> talking about.


    The more experience I have riding in the rain, the more benefit I see to
    having disc brakes on a "commuter" bike. I've done a lot of damage to rims
    in wet weather, and I've seen a number of my customers (and even one of the
    guys I regularly ride with) explode rims apart due to grinding the sidewalls
    down too thin. Two years ago? I would have told you that disc brakes were a
    silly thing to have on any sort of "road" bike. Now? I'd definitely consider
    them an asset, if you live in an area that gets lots of rain. This past
    winter, we got LOTS of rain.

    --Mike-- Chain Reaction Bicycles
    www.ChainReactionBicycles.com


    "Chalo" <[email protected]> wrote in message
    news:[email protected]
    > Andrew F Martin wrote:
    >>
    >> I hope to do 100-300 miles a week on it all
    >> winter so something that others might consider more appropriate for
    >> "commuting" just wouldn't hack it for me.

    >
    > For what it's worth, the few folks who put in a multiple of that
    > mileage mostly ride bikes that you probably think wouldn't hack it for
    > you. Freddie Hoffman, just to name an extreme example, has /averaged/
    > something like 100 miles per day over the last 30 years. He rides a
    > 50-pound Schwinn with roadster bars.
    >
    > In my 300mi/wk days, I rode a 27 pound mountain bike with slicks. I
    > used a 53/12 top gear, but I still had a triple crank. And flat bars.
    >
    >
    > It's obvious what kind of bike turns you on, but it's much less obvious
    > that such a bike confers any advantages for the kind of riding you're
    > talking about.
    >
    > Chalo Colina
    >
     
  13. Matt O'Toole

    Matt O'Toole Guest

    On Fri, 05 May 2006 16:56:14 -0400, Ken C. M. wrote:

    > I just read the report. While Trek might call this a "commuter" I
    > personally think it's closer to a race bike than a real commuter.
    > Nothing against Trek, they make fine rides. But the cf fork might have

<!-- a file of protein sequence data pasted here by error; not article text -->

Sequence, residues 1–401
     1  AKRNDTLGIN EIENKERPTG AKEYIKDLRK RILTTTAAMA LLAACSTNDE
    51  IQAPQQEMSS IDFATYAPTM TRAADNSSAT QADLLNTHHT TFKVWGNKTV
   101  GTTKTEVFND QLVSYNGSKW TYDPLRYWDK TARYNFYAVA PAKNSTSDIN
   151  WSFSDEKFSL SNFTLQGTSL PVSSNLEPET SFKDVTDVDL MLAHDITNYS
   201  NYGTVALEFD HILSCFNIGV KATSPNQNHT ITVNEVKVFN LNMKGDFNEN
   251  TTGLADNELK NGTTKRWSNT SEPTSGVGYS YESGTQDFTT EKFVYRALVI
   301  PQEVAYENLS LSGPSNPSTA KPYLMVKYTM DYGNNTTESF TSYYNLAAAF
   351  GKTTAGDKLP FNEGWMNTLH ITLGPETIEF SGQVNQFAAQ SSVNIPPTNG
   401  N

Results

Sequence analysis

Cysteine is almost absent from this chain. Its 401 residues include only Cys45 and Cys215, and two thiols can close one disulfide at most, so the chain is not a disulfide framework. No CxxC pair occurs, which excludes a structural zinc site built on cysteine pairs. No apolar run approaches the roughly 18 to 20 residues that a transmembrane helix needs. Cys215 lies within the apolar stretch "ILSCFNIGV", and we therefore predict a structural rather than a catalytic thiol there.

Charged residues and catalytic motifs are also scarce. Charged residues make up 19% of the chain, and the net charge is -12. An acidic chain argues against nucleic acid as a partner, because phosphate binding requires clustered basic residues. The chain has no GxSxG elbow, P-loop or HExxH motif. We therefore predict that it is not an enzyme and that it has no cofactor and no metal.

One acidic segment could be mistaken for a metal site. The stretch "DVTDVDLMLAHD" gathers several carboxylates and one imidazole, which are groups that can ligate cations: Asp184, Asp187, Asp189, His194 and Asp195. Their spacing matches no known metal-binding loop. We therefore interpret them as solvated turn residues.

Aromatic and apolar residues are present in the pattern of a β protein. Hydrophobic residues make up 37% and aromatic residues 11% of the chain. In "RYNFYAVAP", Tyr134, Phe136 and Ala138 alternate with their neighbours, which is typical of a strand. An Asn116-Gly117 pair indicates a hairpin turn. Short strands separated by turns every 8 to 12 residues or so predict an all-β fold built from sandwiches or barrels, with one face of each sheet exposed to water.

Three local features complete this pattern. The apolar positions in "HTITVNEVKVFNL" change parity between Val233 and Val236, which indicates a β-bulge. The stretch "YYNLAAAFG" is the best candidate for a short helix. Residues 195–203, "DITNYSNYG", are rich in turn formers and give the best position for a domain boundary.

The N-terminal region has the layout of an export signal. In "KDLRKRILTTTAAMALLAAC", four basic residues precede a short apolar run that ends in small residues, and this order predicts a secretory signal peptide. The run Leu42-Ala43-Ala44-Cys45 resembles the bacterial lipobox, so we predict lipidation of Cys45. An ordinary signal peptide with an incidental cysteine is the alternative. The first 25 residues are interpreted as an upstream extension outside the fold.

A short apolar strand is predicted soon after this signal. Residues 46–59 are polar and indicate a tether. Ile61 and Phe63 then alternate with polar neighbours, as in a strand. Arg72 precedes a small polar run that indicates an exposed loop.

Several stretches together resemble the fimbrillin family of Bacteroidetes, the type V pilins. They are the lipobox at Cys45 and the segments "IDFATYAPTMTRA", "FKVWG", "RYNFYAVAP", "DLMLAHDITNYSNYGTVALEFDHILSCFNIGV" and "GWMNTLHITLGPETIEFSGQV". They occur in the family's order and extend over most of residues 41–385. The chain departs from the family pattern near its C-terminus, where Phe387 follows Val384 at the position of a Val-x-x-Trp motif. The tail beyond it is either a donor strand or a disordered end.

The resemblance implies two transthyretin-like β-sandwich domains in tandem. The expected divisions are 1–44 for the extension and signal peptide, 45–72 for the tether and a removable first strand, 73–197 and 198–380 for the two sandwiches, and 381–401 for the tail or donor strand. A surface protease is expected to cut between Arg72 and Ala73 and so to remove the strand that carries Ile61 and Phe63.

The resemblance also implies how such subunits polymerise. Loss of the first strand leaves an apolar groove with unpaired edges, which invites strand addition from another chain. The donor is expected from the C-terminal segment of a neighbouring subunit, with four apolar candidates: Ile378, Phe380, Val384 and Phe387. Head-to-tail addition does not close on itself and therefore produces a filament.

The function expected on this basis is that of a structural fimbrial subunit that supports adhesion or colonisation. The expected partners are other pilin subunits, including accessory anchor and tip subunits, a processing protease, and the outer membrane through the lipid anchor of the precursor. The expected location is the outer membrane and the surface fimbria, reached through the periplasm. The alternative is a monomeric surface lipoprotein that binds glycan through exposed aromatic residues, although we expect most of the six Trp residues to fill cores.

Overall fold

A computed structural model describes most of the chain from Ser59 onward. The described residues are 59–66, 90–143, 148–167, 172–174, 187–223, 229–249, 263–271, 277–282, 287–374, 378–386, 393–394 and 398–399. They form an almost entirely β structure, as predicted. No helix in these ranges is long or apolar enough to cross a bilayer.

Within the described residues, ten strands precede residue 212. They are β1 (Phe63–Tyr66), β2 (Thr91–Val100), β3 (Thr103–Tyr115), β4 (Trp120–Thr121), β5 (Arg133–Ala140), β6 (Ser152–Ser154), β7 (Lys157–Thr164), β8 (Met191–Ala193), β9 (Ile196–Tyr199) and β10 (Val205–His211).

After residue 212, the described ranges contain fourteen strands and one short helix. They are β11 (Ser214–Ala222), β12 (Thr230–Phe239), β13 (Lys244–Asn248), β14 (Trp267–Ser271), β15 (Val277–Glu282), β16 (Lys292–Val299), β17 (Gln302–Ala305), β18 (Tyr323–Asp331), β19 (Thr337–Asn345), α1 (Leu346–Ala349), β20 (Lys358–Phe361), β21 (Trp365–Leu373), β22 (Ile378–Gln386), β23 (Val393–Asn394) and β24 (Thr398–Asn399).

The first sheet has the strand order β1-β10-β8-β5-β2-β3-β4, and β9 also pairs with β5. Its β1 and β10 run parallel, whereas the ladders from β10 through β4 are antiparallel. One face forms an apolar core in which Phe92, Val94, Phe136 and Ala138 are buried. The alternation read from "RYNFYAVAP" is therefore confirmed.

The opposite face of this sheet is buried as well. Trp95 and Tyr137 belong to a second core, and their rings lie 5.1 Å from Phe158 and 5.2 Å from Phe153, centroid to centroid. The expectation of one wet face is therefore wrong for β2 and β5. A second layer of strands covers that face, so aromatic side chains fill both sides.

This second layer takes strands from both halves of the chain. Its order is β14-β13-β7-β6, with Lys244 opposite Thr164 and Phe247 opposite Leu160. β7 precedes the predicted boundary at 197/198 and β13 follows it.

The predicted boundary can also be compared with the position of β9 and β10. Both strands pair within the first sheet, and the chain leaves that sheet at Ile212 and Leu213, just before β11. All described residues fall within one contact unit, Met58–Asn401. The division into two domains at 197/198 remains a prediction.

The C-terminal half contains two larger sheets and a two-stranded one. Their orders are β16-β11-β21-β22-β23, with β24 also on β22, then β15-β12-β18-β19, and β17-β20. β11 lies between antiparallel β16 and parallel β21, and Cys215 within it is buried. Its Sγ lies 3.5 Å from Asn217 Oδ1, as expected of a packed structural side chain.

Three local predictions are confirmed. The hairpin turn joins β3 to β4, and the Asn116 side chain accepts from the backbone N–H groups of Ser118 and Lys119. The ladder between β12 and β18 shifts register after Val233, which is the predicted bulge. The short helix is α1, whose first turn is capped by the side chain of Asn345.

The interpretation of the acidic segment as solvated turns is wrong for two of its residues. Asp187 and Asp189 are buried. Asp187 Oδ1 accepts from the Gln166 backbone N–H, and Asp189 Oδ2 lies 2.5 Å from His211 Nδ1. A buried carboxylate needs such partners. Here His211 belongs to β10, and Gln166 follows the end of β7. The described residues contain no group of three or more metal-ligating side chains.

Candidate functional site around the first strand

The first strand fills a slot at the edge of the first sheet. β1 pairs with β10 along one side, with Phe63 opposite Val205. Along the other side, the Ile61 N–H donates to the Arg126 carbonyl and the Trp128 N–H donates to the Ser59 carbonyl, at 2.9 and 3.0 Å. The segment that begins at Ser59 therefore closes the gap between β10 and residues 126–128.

> issues, as well as those low spoke count wheels. But it's your ride. Enjoy!


    I agree about the wheels, but otherwise this seems like a nice bike. Does
    it have eyelets for fenders and racks though?

    Matt O.
     
  14. Yep. Eyelets all over which is a new thing because all other bikes
    I've setup with fenders have relied on zip-ties. The front fork even
    has some inside the fork for a nice clean look.
     
  15. Mike Jacoubowsky writes:

    >>> I hope to do 100-300 miles a week on it all winter so something
    >>> that others might consider more appropriate for "commuting" just
    >>> wouldn't hack it for me.


    >> For what it's worth, the few folks who put in a multiple of that
    >> mileage mostly ride bikes that you probably think wouldn't hack it
    >> for you. Freddie Hoffman, just to name an extreme example, has
    >> /averaged/ something like 100 miles per day over the last 30 years.
    >> He rides a 50-pound Schwinn with roadster bars.


    >> In my 300mi/wk days, I rode a 27 pound mountain bike with slicks.
    >> I used a 53/12 top gear, but I still had a triple crank. And flat
    >> bars.


    >> It's obvious what kind of bike turns you on, but it's much less obvious
    >> that such a bike confers any advantages for the kind of riding you're
    >> talking about.


    > The more experience I have riding in the rain, the more benefit I
    > see to having disc brakes on a "commuter" bike. I've done a lot of
    > damage to rims in wet weather, and I've seen a number of my
    > customers (and even one of the guys I regularly ride with) explode
    > rims apart due to grinding the sidewalls down too thin. Two years
    > ago? I would have told you that disc brakes were a silly thing to
    > have on any sort of "road" bike. Now? I'd definitely consider them
    > an asset, if you live in an area that gets lots of rain. This past
    > winter, we got LOTS of rain.